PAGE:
# Trying to write my own program : /

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• 09-25-2010, 01:54 AM
jdicerch
Trying to write my own program : /
Okay well I am practicing for a test and our teacher gave us some practice problems. I have to create random numbers using the static random() method. Part1 asks me to create 3 integers. one between 0 and 20, another between 1 and 30, and a third between 30 and 70. I also need to store these values for later use.

so far i have this (dont make fun, im new to this):

import java.lang.Math;
import java.util.Scanner;

public class ranNum
{
public static void main(String[] args)
{
Scanner console = new Scanner(System.in);
int a=((int)(Math.random()*10));
double b=Math.random();
double c=Math.random();
a = console.nextInt();
System.out.println(+a);
}
}

i know a lot is wrong, i am just doing trial and error.

Thanks!
Joey
• 09-25-2010, 02:17 AM
Norm
First you need to work out the math for taking the output of the random method and mapping it to a number in the ranges you want.
Do you have the logic for how to do that?
There are two parts to the logic. One is to multiply the value returned by random to get one of the possible numbers in the range. For example if the range is 10 to 19 inclusive there are 10 possible values: 0 to 9.
The next part of the logic is to adjust the range of numbers so it maps to the actual range you want. For a range of 10 to 19 you would need to add 10 to the value from the multipling part (which gave you a number from 0 to 9) to map it to 10 to 19.
• 09-25-2010, 02:19 AM
jdicerch
I want whole numbers as well. Would i do something like Math.round(Math.random()*10) for 0-10?
• 09-25-2010, 02:34 AM
al_Marshy_1981
Not sure if Math.random() is a total requirement but this is a little less complex to figure out:

Random (Java 2 Platform SE v1.4.2)
• 09-25-2010, 02:39 AM
Norm
Quote:

I want whole numbers
You could cast the double to an int by adding (int)
• 09-25-2010, 02:58 AM
jdicerch
I was told to use Math.random. Norm you think i should do: (int)(Math.round(Math.random()*10))?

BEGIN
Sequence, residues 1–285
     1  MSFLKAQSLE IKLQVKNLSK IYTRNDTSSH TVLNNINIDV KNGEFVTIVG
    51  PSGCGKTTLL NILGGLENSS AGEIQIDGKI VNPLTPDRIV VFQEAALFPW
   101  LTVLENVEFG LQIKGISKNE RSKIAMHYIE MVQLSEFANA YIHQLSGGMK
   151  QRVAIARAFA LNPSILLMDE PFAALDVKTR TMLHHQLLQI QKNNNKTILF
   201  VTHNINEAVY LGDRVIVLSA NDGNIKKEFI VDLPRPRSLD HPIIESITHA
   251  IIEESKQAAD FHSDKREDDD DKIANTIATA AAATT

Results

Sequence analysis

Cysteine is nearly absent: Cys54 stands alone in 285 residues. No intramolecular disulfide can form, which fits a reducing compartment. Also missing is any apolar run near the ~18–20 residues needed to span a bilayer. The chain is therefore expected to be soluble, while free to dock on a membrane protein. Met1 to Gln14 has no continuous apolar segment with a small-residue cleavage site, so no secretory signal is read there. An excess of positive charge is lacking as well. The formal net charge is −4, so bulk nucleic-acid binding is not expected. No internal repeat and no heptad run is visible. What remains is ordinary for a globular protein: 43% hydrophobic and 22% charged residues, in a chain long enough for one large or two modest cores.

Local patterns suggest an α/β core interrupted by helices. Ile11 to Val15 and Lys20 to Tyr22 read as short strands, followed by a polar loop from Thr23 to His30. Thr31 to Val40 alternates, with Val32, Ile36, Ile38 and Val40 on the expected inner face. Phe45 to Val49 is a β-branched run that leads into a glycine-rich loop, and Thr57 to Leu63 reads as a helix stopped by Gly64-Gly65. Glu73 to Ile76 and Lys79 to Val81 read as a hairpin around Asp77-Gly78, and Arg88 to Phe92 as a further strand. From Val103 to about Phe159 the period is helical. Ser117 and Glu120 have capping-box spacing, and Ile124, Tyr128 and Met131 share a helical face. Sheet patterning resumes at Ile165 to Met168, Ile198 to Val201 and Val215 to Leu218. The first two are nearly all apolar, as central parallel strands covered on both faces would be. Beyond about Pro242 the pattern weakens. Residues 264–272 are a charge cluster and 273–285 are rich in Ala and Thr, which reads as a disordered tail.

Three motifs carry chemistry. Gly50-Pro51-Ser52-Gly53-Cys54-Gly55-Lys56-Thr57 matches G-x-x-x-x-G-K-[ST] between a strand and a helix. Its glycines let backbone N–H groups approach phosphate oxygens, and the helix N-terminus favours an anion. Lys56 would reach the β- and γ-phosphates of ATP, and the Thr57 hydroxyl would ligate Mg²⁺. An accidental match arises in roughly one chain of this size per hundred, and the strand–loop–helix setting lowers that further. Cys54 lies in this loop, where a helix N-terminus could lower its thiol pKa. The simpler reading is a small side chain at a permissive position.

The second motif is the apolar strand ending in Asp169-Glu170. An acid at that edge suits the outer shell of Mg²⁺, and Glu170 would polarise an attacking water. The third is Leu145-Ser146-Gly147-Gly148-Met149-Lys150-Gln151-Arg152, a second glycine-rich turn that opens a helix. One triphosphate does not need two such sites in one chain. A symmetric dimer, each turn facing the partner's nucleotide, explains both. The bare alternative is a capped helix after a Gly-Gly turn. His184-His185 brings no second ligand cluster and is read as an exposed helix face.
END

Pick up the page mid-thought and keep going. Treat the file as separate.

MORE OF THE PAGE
• 09-25-2010, 03:03 AM
al_Marshy_1981
if you want numbers between 0 and 10 then yes use that, multiply by 20 for numbers between 0 and 20.

for between 1 and 30 multiply by 29 and add 1.
e.g
Code:

```int num=(int) (Math.round(Math.random()*29)); System.out.println(num+1);```
• 09-25-2010, 03:12 AM
jdicerch
Works perfect but when i go to do my second number using: int num1=(int) (Math.round(Math.random()*29+1));
I get this error:The local variable num1 is never read
• 09-25-2010, 03:17 AM
jdicerch
Actually it's working now. Is this correct? : int num=(int) (Math.round(Math.random()*10));
System.out.println(num);
int num1=(int) (Math.round(Math.random()*29));
System.out.println(num1+1);
int num2=(int) (Math.round(Math.random()*69));
System.out.println(num2+1);
• 09-25-2010, 03:20 AM
al_Marshy_1981
Quote:

Originally Posted by jdicerch
Actually it's working now. Is this correct? : int num=(int) (Math.round(Math.random()*10));
System.out.println(num);
int num1=(int) (Math.round(Math.random()*29));
System.out.println(num1+1);
int num2=(int) (Math.round(Math.random()*69));
System.out.println(num2+1);

yes, that is fine, you could have used the variable num throughout aswell just by reassignment e.g.

Code:

```int num=(int) (Math.round(Math.random()*10));     System.out.println(num);     num=(int) (Math.round(Math.random()*29));     System.out.println(num+1);     num=(int) (Math.round(Math.random()*69));     System.out.println(num+1);```